Esor Ben-Sorek

Arabs and Apricots

The Arabs, primarily the Palestinians, have a not-so-secret weapon to avoid coming to a peaceful negotiation with Israel. It is called “bukra fil mishmish”. Translated, it makes little sense to a non-Arabic speaker. Loosely it states “tomorrow with the apricots blooming.” It’s true meaning is an old Arabic proverb “maybe tomorrow or some other time,” indicating that there is never a hurry to do something today. It can wait until tomorrow or the tomorrow after tomorrow until no end.

Because of this philosophy, the Palestinians delay any approach to sitting with Israel to discuss the “impossible” peace.

Apricots bloom in one season and generally should be eaten on the day when they are picked to enjoy their sweet freshness. Waiting until “tomorrow” the apricots become mushy and lose much flavor.

So it is with the Palestinian Arabs. They witnessed the peace treaties between Israel and Egypt and Jordan and the results which accompanied the signed peace. But the Palestinian leadership (or rather, lack of leadership) prefers to delay.  “Bukra fil mishmash”.  Not now. Maybe someday. Maybe later.

Perhaps grapes should be substituted for apricots. When fresh, the juice is sweet. When kept too long it turns into sour vinegar. For the past 50 years we have been tasting vinegar rather than sweet apricots.

Famed Arab hospitality constantly serves it to us on heavy platters. Realizing that one must accept Arab hospitality when it is offered, we stretch out our hand to reach for the sweet apricot only to see that we have picked up a bomb instead.

The Western world remains paralyzed. For the past 70 years, no one has been able to reach the apricots on the trees. They are too high and beyond grasp. The familiar words “open sesame” might have opened doors, but they are unable to open apricot trees or to shake them strongly in order to allow the good fruit to fall to the ground unblemished.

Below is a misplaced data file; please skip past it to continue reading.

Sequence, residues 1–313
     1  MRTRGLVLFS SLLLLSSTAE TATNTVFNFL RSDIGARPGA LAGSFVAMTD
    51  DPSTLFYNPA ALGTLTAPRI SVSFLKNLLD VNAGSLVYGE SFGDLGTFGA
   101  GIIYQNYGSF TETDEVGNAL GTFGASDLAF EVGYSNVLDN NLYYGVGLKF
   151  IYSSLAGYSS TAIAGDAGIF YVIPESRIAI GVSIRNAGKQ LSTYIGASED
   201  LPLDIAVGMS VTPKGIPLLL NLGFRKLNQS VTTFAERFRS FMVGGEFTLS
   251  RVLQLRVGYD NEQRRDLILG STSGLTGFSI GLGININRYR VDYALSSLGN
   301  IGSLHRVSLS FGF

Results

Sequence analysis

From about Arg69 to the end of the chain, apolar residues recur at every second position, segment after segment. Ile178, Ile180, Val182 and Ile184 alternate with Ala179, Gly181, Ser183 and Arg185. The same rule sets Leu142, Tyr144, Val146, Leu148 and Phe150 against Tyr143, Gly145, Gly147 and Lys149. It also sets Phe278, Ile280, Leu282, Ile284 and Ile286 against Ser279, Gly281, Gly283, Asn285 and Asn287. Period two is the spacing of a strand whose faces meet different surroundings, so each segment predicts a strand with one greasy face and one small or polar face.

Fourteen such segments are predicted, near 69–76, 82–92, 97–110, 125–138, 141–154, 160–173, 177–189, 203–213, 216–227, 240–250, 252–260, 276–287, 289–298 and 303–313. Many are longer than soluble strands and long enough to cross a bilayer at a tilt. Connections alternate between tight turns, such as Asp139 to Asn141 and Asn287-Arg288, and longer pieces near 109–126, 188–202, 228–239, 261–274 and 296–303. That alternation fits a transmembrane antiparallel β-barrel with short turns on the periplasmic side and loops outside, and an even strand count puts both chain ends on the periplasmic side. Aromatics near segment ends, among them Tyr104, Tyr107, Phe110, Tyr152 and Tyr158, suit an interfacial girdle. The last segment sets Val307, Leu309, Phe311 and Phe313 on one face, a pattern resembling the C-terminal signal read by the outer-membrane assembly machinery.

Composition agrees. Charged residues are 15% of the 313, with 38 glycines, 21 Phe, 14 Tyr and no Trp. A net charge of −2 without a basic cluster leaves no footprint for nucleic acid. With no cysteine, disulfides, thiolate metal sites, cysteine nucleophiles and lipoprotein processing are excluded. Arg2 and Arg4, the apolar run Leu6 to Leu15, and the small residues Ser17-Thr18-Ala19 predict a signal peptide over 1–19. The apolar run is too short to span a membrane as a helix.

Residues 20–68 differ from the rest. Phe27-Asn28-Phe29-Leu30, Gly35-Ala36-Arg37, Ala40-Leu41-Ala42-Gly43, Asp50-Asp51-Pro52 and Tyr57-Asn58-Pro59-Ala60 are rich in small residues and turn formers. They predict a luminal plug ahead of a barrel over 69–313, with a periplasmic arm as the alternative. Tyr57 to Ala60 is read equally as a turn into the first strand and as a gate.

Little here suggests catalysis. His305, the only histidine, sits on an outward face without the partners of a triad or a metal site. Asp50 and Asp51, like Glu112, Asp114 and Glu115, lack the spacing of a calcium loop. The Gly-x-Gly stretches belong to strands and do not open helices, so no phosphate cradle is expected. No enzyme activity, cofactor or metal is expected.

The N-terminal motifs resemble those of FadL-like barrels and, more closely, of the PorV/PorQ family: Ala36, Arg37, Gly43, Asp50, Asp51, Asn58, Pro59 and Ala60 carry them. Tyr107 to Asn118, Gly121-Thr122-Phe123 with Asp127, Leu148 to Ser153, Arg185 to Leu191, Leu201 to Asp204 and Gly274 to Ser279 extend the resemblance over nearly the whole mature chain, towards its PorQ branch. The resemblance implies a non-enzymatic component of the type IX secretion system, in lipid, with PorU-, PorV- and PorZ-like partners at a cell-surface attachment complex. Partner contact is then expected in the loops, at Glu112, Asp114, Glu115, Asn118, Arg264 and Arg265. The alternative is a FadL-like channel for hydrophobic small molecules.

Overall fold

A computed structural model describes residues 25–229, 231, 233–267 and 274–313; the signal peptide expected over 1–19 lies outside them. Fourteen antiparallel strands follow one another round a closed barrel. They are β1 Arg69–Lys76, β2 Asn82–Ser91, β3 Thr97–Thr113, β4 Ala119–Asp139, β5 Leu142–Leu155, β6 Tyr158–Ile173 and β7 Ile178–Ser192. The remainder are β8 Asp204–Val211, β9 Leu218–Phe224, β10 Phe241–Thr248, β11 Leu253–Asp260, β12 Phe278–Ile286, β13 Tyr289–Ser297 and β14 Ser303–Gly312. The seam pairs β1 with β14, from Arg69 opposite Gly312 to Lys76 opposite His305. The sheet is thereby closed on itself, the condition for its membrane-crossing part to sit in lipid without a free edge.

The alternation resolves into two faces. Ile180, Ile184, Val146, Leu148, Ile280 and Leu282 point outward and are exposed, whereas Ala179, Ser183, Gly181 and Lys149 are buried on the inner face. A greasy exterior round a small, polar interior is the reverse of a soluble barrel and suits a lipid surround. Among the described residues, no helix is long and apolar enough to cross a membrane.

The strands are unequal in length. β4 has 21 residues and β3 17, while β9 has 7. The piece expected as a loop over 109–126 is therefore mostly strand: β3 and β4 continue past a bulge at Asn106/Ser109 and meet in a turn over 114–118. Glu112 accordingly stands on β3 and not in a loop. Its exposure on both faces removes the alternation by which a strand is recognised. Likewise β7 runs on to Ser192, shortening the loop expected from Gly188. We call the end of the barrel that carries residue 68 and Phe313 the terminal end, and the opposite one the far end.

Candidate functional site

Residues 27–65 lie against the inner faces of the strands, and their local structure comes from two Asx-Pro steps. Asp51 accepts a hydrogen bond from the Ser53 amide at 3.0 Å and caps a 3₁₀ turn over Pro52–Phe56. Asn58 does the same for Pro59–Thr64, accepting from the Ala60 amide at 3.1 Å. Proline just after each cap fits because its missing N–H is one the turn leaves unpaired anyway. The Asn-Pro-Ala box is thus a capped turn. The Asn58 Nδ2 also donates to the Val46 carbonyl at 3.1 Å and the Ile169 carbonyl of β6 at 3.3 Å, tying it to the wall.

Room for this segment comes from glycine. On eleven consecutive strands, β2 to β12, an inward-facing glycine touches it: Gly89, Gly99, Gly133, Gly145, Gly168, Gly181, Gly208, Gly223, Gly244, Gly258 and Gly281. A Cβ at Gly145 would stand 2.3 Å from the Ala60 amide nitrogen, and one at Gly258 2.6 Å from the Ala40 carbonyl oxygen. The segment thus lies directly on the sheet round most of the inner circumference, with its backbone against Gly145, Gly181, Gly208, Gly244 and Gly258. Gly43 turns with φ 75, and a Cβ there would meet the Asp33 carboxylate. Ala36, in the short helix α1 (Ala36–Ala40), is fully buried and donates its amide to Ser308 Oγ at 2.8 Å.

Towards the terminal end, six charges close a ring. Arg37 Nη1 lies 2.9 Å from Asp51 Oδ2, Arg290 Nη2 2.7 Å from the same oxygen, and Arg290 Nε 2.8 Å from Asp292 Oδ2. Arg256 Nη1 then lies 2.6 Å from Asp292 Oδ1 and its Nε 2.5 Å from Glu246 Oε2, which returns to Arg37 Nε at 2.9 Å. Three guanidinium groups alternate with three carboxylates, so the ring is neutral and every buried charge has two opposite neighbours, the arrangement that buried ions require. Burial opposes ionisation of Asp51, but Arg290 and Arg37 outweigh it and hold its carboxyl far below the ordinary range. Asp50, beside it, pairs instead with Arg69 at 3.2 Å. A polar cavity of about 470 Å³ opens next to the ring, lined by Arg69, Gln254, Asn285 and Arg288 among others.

Dried grapes become raisins. Dried plums become prunes. But dried apricots remain apricots. And the Palestinian Arabs are in no hurry to harvest them. The elusive fruit has become the elusive peace.

A professor, a former colleague of mine, remarked that the Muslims are our brothers. He was grossly misinformed. The Jews walk in the paths of the righteous Isaac of Israel while the Arabs tread the paths of the treacherous Ishmael of Egypt.

Of interest to me, especially today on the holiday of Purim, are the similarities which the Palestinians seem to have borrowed from the Persians (Iranians) regarding Jewish customs, in particular two words: “masaichot” (masks) and “raashanim” (very loud noises). They, the Palestinians, have covered their faces with masks to conceal their  identity which we definitely recognize and they make noise at the United Nations Security Council, the European Union and every other place where their uplifted vocal complaints against the Jews can be heard.

The wicked figure in the Purim story as recorded in the Scroll of Esther is the prime minister of Persia, Haman the Agagite (Amalekite), whose one and only plan and program was to annihilate every Jew in all the 127 provinces of the Persian empire, stretching from India to Ethiopia..

The Hebrew text explains Haman’s intention in three words. It was to destroy (l’hashmid), to slay (l’harog) and to exterminate (l’abed) every Jew, young and old, men, women, children and infants.

It was Haman’s wicked but failed plan that another tyrant (Hitler) sought successfully to accomplish.

And it is the plan of the masked and noise-making Palestinians today. As Haman’s plans were made known to King Xerxes (Ahasuerus), he was removed from his high office and was hanged from a tree.

So too will be the fate of the Palestinians if their “leaders” follow Haman’s ways.

It is time to reach for the apricot tree and to share its fresh sweet juice, Arabs and Jews drinking together from separate cups.

Beware of eating too many of the poppy-seed and prune-  filled  oznai haman (hamantashen).

Reach for an apricot one instead.

Chag Purim samayach.

About the Author
Esor Ben-Sorek is a retired professor of Hebrew, Biblical literature & history of Israel. Conversant in 8 languages: Hebrew, Yiddish, English, French, German, Spanish, Polish & Dutch. Very proud of being an Israeli citizen. A follower of Trumpeldor & Jabotinsky & Begin.
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